At suppertime, the four of us ate in the dining room. Caleb took small and careful bites as Emmanuel watched him from beneath his brows, while Noel was tense as a coiled spring he waited to calm any rifts between them.
After the soup had been cleared away and Willie had placed the main course on the table, I decided I’d had enough. “Mrs. Bell is teaching me to cook.”
Three forks paused in mid-air.
I said, “I mean, I knew how to cook already — my mother taught me French cuisine — but it’s not the same as Southern food.” I said to Emmanuel, “Did you ever have any real French cooking while you were overseas, Mr. Thibodeaux?”
There was a pause. “Some.”
“When the weather gets colder I want to make you all ratatouille,” I said.
Noel said, “The weather doesn’t get very cold here, even in winter. I imagine even San Francisco gets colder.”
“It probably does. It’s not a hot city.” I drank some water. “What about you, Noel? Did you get to try any Japanese food while you were in the Pacific?”
“A little,” Noel said, “though more when I was stationed in Honolulu in the beginning than while we were island-hopping. Then it was all K-rations and MREs.” He added, to Caleb’s quizzical look, “That means meals ready-to-eat.”
“Being a soldier is not very glamorous,” I said. Caleb gave me a look that said, I know that, dopey, and I grinned at him.
“Now that we’ve covered all of our adventures in foreign food, can we actually eat?” Emmanuel said.
“Sorry, sir,” I said. “Many families eat and talk at the same time. I thought we might want to try it.”
Emmanuel scowled at me, while across the table Noel looked like he was trying very hard not to smile.
We managed to finish supper without much more conversation or interruptions. Once Caleb’s plate was clean and we were having coffee while Caleb sipped one more glass of milk, Noel said, “Caleb, I brought you something from the city. Would you like to see it?”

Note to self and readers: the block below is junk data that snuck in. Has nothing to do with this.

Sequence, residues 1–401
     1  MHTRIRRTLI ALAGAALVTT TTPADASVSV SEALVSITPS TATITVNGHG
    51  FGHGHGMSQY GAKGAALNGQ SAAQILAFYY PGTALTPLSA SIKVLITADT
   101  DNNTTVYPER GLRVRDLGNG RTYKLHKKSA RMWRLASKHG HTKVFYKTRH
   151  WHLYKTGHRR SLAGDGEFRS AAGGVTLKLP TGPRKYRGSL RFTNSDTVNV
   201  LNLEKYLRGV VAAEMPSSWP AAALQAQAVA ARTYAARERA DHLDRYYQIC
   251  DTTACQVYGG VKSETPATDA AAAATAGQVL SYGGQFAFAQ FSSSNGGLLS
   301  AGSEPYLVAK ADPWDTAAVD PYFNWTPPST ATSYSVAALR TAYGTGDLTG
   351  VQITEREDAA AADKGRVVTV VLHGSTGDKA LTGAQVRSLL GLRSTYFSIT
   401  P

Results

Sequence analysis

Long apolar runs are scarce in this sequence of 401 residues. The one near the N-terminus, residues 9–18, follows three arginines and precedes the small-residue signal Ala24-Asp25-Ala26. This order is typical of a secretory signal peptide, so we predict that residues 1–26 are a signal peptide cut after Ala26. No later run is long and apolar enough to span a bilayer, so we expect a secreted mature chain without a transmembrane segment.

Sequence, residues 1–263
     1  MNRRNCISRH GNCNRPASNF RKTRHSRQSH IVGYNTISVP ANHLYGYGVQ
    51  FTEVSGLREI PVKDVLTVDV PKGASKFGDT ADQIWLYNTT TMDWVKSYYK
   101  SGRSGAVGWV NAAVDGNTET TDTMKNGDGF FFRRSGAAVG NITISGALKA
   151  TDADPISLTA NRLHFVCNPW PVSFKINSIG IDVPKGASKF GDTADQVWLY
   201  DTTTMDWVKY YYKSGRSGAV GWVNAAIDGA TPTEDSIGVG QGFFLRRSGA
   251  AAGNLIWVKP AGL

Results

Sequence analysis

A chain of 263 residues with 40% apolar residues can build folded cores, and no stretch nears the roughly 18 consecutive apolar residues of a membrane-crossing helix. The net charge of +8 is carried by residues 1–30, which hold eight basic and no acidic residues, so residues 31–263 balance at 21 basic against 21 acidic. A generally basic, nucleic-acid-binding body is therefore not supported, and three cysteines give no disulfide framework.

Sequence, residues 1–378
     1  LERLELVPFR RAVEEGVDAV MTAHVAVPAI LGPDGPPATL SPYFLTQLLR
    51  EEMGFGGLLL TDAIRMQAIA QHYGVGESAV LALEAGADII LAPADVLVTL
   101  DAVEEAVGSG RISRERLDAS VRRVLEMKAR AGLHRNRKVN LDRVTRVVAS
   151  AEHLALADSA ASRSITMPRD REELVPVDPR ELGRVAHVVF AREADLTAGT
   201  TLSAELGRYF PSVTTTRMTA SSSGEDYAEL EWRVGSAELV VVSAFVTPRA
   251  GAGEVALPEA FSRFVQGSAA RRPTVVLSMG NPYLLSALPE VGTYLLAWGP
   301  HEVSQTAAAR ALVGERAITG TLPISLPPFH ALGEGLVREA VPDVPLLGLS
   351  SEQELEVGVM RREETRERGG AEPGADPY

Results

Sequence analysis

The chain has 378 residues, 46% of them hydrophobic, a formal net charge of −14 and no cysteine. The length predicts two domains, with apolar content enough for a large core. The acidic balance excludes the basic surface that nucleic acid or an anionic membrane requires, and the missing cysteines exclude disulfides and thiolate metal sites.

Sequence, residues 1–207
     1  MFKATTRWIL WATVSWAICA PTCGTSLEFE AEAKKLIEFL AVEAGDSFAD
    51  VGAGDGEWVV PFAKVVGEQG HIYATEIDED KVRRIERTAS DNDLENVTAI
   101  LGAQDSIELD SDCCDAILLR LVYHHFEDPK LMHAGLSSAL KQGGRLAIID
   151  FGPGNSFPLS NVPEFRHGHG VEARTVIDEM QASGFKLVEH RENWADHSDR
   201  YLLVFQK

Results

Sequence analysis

Caleb nodded eagerly, then glanced at Emmanuel as if he expected Emmanuel to forbid whatever the gift was. Emmanuel slurped his coffee loudly, his only protest.
Noel called, “Willie?” and when Willie came into the dining room, there was a tiny, fluffy, gray and white kitten in the crook of his arm. Caleb’s eyes grew enormous and he hopped out of his chair to run to Willie, where he stared at the kitten reverently. Willie chuckled as he stroked the kitten’s fur.
I raised an eyebrow at Noel, and he shrugged in return. “Dr. Dufresne says pets are good for children.”
“That they are,” I said, and stayed at the table as Noel went to Caleb and Willie and took the kitten. He knelt down so he was eye level with Caleb.
“What do you think of her? Do you want to hold her?”
Caleb took the kitten carefully. The kitten meowed, a tiny sound, and clung to Caleb’s sleeve with her needle-like claws. Caleb beamed at us all in turn.
“I’m glad you like her,” Noel murmured, stroking Caleb’s hair. “What shall we call her?” He glanced at me, a smile lurking on his lips. “Should we name her after one of the planets? Venus, maybe, or Europa?”
“How about ‘Damned Nuisance?'” put in Emmanuel.
“Maybe something from the book we’re reading,” I said. “Like Lucy or Susan, the girls in The Lion, The Witch, and The Wardrobe.”
“I’m glad you like that book,” Noel said.
Emmanuel snorted. “Witches and fairy land.”